• Low net income after subtracting disability expenses. Some disabled borrowers may be ineligible for a total and permanent disability discharge due to income above the poverty line for a family of two, yet still have insufficient income to repay their student loan debt. This can be because of high medical and disability-related expenses or because their family size is greater than two.

The borrower’s income may limit the borrower’s ability to repay the debt:

  • Divorce or separation. The borrower’s income may be reduced by alimony and child support obligations.
  • No prospects for increasing income. The borrower may be unable to get a better job because of age, infirmity, illness or disability. The borrower may already be earning the peak income for their occupation.
  • Very low income. The borrower earns less than 100% or 150% of the poverty line for their family size. (Bankruptcy fee waivers apply to people with income below 150% of the poverty line for the family size.) The poverty line is often defined as the income level below which the family has no discretion in how it spends money to pay for necessary living expenses. Accordingly, low-income borrowers may satisfy the first prong of the Brunner Test.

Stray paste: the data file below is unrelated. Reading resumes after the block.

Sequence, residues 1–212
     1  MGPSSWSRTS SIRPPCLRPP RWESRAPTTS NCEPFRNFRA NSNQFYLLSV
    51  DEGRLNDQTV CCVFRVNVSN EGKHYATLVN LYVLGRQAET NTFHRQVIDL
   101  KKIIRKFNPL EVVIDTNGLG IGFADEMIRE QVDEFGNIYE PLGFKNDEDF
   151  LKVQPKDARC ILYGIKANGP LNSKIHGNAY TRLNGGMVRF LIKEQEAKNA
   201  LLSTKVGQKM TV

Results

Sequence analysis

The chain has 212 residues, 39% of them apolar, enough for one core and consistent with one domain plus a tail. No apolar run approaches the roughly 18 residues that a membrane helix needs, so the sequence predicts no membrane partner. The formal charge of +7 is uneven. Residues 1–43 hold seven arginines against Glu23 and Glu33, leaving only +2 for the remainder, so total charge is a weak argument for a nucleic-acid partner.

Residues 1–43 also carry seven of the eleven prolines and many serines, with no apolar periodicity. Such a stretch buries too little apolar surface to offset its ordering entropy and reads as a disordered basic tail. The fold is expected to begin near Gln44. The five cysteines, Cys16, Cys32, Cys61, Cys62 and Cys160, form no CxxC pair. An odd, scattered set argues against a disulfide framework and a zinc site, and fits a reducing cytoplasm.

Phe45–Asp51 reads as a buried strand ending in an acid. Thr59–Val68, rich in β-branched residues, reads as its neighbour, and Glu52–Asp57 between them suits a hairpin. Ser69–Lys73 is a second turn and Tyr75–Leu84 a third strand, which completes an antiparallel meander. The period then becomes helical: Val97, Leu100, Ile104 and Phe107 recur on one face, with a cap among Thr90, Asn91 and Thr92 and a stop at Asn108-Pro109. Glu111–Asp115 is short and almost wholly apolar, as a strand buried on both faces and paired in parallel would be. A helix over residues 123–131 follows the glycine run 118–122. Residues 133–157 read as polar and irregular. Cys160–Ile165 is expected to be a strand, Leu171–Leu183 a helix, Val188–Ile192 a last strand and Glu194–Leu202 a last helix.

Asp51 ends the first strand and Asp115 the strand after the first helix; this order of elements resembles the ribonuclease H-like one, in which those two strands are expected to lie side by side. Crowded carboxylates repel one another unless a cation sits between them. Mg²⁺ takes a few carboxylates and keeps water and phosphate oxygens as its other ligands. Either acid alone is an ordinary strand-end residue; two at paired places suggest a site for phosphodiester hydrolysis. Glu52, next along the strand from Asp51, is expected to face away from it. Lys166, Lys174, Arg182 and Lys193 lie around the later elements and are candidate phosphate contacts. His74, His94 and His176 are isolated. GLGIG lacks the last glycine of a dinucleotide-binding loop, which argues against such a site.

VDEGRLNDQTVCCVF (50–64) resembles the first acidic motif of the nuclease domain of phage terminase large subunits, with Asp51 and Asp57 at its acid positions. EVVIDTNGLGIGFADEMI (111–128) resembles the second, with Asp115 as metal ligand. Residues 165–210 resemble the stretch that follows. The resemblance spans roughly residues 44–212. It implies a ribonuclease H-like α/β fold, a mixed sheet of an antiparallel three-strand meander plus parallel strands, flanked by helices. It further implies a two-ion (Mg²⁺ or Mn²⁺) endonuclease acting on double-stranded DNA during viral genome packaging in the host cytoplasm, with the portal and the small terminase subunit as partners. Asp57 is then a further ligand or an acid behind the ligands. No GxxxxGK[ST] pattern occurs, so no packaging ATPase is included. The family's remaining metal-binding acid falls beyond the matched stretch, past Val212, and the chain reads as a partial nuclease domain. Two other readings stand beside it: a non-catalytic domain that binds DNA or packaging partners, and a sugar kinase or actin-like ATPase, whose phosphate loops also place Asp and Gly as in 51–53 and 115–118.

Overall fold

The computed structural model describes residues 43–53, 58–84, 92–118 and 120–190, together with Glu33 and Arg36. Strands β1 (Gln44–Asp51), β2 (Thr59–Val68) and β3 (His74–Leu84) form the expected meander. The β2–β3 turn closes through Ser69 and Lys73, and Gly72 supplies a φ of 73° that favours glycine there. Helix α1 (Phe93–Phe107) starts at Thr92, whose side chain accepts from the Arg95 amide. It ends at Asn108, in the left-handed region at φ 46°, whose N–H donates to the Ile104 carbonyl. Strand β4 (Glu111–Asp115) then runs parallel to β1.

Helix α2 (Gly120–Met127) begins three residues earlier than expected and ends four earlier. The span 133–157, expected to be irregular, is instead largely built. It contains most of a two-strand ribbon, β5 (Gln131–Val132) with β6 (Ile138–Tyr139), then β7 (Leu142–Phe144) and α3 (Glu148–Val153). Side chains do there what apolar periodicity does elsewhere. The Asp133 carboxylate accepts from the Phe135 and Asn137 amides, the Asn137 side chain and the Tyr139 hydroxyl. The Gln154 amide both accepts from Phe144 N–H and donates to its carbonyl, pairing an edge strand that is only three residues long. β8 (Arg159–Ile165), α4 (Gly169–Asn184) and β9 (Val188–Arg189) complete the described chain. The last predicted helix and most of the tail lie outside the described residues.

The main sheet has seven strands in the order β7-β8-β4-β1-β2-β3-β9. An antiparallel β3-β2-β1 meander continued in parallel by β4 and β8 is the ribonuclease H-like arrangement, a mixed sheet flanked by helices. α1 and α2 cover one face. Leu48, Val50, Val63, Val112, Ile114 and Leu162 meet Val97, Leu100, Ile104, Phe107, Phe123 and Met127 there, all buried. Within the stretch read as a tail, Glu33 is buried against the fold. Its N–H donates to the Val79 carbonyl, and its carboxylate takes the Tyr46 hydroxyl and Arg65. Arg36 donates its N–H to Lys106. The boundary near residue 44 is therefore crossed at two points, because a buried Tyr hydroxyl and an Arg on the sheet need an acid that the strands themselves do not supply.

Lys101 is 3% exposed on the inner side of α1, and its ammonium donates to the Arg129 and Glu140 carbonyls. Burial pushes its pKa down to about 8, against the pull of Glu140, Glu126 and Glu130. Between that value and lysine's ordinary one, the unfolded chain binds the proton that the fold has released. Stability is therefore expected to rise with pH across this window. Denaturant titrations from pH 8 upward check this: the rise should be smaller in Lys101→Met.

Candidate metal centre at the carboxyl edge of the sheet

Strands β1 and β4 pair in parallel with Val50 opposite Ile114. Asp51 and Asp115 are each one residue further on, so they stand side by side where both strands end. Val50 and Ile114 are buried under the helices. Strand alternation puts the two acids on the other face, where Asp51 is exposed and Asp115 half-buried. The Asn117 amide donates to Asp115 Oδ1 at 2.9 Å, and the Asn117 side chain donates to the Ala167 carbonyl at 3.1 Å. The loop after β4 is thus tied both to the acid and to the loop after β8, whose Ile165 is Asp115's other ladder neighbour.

• High cost of living. The borrower works in a city with a high cost of living, such as Boston, Manhattan or San Francisco.
  • Predatory colleges. The borrower may have a useless degree that does not qualify the borrower for employment or to sit for a licensing exam. The borrower may have dropped out of college with debt but no degree.

The borrower’s debt may limit the borrower’s ability to repay the debt:

  • Excessive debt. The borrower’s debt may be high enough to prevent the borrower from being able to repay the debt even if the borrower maximizes income and minimizes expenses.